Thursday, September 29, 2022

The Academy Is Moving Back To 10 Best Picture Nominees & Pushing For More Diversity

By Matt Neglia 

​In a massive bit of news which was reported by the Hollywood Reporter, the Academy of Motion Picture Arts & Sciences (AMPAS) made several announcements regarding their diversity and inclusion push which started with the #OscarsSoWhite controversy in 2014. Known as “Academy Aperture 2025,” the Academy will start implementing new practices beginning with the 94th Academy Awards which will represent the films of 2021.

Click below to see the exciting details.

​No doubt influenced by the social activism which has taken the world by storm in the wake of the murder of George Floyd, the changes were approved by the Academy board of governors on Thursday and have had the backing of the highest ranked officials within the Academy. These changes include, going back to 10 guaranteed 10 Best Picture nominees, a decision which has been long overdue since the Academy moved to the sliding 5-10 scale back in 2011 after having 10 nominees the two years prior. Does this ensure that the Best Picture lineup will be more diverse? Not necessarily, but it does increase the chances for we don’t know what could’ve happened over the past few years if this system were in place for Best Picture hopefuls such as “Carol” and “If Beale Street Could Talk” for example.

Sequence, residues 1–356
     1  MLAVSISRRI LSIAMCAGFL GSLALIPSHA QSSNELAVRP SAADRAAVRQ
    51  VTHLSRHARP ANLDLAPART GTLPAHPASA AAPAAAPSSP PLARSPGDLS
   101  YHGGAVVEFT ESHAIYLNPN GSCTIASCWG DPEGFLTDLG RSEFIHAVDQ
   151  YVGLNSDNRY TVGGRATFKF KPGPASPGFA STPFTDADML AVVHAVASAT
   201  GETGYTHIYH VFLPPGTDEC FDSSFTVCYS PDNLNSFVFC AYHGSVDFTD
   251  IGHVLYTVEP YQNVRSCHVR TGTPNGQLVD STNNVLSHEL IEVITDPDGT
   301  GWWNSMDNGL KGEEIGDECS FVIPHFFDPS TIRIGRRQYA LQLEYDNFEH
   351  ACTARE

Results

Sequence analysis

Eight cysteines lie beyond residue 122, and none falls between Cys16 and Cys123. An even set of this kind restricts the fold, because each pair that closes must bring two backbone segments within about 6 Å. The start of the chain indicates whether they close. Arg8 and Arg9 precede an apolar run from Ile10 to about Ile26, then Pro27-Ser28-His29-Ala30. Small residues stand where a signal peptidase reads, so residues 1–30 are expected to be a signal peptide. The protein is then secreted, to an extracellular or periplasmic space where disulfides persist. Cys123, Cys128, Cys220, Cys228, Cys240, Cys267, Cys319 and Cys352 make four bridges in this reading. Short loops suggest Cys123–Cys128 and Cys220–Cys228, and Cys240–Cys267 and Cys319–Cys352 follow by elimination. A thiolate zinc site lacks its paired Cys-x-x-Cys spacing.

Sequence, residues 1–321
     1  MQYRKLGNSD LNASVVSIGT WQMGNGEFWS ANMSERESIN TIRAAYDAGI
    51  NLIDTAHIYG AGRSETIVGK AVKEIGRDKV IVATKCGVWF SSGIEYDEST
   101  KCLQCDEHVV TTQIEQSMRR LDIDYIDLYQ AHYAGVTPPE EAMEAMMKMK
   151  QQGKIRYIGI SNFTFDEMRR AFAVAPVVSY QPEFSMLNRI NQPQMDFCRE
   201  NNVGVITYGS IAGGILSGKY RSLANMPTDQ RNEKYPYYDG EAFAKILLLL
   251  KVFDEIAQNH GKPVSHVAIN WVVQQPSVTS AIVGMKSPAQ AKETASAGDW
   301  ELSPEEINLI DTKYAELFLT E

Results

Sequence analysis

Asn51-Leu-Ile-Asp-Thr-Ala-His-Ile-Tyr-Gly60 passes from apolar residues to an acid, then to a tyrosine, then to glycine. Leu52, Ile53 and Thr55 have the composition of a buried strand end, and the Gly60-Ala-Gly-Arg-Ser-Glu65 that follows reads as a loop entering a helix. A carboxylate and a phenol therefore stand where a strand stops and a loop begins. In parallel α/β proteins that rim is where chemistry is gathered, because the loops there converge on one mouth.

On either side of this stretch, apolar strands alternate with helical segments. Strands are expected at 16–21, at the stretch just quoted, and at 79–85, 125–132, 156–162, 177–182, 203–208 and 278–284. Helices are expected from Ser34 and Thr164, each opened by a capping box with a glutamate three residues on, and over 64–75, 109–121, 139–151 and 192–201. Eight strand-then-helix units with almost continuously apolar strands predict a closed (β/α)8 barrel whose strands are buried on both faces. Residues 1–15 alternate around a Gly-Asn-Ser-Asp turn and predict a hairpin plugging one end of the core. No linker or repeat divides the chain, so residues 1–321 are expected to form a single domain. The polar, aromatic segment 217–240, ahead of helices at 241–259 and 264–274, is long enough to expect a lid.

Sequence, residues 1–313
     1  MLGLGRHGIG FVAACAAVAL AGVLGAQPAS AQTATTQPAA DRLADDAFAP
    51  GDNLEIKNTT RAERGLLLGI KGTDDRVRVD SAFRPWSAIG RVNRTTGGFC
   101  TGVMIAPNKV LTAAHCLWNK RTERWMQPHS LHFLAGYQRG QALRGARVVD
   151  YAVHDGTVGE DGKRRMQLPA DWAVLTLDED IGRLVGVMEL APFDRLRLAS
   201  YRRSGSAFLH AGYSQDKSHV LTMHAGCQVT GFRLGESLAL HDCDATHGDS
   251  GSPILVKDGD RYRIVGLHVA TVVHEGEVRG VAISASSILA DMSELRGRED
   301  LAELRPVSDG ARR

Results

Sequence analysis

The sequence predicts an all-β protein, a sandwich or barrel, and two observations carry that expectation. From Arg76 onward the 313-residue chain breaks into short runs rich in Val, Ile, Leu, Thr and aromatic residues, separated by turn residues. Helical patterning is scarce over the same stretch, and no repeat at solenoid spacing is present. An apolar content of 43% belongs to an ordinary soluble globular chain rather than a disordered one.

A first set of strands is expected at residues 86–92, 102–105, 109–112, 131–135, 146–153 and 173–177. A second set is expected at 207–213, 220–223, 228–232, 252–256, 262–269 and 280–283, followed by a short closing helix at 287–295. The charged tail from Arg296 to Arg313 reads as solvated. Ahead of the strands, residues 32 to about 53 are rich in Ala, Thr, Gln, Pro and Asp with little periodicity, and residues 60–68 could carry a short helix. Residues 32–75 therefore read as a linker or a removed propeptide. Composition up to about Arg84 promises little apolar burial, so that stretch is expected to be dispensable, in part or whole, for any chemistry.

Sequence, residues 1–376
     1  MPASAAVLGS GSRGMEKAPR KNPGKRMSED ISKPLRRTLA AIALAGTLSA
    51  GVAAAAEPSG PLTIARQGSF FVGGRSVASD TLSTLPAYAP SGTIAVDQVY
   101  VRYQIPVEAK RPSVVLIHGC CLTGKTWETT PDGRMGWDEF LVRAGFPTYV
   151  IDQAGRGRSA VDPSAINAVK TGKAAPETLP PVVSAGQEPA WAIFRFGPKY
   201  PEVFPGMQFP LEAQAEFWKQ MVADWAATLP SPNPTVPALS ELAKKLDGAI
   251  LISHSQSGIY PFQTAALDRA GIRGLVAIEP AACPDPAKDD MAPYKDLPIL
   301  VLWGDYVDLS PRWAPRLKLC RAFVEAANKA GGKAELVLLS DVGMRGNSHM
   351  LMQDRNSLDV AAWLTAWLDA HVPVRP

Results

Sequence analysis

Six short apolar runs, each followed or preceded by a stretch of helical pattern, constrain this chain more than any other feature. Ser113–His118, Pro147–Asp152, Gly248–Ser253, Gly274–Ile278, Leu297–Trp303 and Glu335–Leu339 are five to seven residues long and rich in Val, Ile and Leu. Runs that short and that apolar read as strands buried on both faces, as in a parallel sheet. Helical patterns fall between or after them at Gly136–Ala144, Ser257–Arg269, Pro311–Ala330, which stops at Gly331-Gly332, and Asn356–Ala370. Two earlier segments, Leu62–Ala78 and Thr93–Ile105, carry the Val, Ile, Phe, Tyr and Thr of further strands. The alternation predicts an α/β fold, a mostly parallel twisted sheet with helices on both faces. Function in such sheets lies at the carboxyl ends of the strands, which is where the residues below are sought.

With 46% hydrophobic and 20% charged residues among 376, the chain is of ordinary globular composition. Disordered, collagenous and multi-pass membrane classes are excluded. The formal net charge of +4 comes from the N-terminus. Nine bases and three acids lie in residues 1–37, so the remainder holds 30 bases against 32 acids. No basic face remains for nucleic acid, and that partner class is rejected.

One of the complaints as to why we did not receive a more diverse lineup in recent years (especially last year) is that Academy members had a limited amount of time to watch the movies. As a result, only the Oscar contenders with the largest amount of buzz such as “Joker,” “1917” and “Once Upon A Time In Hollywood” got seen while smaller movies such as “The Farewell,” “Uncut Gems” and “Portrait Of A Lady On Fire” were shut out completely. The Academy is attempting to correct this by implementing a “quarterly viewing process” through the Academy’s Screening Room, so viewers can watch the contenders from their home year round as opposed to trying to cram a small number of movies at the end of the year. And then as far as systemic changes in the future, the Academy looked at its own rules for board member term limits which will hopefully keep things fresh and when new leadership or change is needed, it can be acted upon in a quicker fashion.

Please see more information here. What do you think of these new changes? Let us know in the comments section below or on our Twitter account.

You can follow Matt and hear more of his thoughts on the Oscars and Film on Twitter at @NextBestPicture

Matt Neglia
Matt Neglia
Obsessed about the Oscars, Criterion Collection and all things film 24/7. Critics Choice Member.

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